So in 2014, when representatives of Israel’s Ministry of Education and the Jewish Agency for Israel visited Anton’s hometown of Omsk to find participants for their Na’ale program—which recruits teenagers from the former Soviet Union and elsewhere in the Diaspora—he didn’t immediately register a connection. But it got him thinking and he went home to ask if maybe he, too, had some Jewish ancestors. His paternal grandmother was not at all religious and had never spoken about her Jewish heritage. And she certainly didn’t want anyone in her family moving to Israel. “Once I started talking about going, she would say ‘No! No! There is war there! Don’t go!’ ” Anton relays with a laugh.
But he did go. Later that year, at the age of 15 and with one small suitcase in hand—stuffed with a wooden toy his carpenter dad had made for him, lightweight clothes and a photo of his mom and sister—he boarded a flight to Tel Aviv. “I had zero idea what was to come, but I had a feeling it was right,” he says, adding with a grin as if by further explanation: “Have you ever been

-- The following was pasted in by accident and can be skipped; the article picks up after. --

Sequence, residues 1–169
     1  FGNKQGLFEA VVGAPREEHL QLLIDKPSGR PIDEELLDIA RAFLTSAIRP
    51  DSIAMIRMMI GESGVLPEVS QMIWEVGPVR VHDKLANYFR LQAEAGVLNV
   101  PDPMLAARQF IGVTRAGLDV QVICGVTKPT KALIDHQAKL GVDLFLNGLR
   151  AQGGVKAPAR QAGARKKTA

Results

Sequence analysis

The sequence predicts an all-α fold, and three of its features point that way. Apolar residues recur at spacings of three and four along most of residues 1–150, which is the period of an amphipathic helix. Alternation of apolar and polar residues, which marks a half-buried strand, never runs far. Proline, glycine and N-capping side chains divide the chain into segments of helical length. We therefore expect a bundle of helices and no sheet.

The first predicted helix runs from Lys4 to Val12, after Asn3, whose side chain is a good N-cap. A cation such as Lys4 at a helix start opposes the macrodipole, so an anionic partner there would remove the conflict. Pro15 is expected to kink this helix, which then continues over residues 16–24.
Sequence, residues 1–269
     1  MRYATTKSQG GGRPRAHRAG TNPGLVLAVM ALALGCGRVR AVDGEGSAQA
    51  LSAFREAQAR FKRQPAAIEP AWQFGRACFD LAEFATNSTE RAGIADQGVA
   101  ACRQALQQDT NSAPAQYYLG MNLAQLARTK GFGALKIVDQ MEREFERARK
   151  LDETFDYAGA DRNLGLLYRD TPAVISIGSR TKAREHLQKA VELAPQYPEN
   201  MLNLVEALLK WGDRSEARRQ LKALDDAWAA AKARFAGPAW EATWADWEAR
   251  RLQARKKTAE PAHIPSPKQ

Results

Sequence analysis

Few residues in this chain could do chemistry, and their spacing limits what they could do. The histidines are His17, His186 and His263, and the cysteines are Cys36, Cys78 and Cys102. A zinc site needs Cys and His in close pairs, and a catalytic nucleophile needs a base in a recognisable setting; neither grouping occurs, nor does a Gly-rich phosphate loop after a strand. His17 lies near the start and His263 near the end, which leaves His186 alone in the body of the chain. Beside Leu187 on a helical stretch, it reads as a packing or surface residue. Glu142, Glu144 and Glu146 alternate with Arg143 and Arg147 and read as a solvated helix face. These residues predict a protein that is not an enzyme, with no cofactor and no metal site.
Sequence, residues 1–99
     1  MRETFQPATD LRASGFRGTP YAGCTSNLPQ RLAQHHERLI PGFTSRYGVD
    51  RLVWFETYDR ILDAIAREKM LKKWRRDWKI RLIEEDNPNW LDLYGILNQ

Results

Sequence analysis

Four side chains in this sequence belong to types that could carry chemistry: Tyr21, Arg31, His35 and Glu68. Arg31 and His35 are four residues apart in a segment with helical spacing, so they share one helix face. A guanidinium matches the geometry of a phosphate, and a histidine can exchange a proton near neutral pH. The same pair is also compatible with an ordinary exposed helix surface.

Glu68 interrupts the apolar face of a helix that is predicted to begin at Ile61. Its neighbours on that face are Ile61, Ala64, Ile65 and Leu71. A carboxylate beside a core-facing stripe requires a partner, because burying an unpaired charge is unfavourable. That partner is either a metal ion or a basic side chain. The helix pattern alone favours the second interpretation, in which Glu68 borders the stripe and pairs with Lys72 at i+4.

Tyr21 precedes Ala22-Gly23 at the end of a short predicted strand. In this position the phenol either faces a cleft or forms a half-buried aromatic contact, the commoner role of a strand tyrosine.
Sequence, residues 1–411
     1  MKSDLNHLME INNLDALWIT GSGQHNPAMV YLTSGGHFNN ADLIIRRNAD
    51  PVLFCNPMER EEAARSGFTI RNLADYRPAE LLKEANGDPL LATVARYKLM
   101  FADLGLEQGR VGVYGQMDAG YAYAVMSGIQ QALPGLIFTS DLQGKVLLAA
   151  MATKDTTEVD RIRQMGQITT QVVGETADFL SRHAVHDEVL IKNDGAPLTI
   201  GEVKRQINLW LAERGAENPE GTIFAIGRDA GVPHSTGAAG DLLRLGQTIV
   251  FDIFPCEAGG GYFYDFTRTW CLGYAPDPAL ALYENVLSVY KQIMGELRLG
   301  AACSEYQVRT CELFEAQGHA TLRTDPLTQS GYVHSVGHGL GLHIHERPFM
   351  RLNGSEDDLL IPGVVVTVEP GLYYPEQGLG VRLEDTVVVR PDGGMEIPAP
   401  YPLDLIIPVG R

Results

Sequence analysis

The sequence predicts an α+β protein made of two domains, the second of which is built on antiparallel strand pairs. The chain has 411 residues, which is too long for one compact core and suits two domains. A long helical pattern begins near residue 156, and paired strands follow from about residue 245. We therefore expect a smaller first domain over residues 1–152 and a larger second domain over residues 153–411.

The inspiring story of these youth villages began on January 30, 1933, the day that Adolf Hitler was named chancellor in Germany. Recha Freier, a teacher, musician and poet, was living in Berlin at the time with her rabbi husband and four children. With a premonition of the horrors that were to descend on Europe—and in the face of opposition from the local Jewish establishment—she started raising funds and agitating for Jewish parents to send their children to Palestine. Thus was born a movement that would come to be called Youth Aliyah.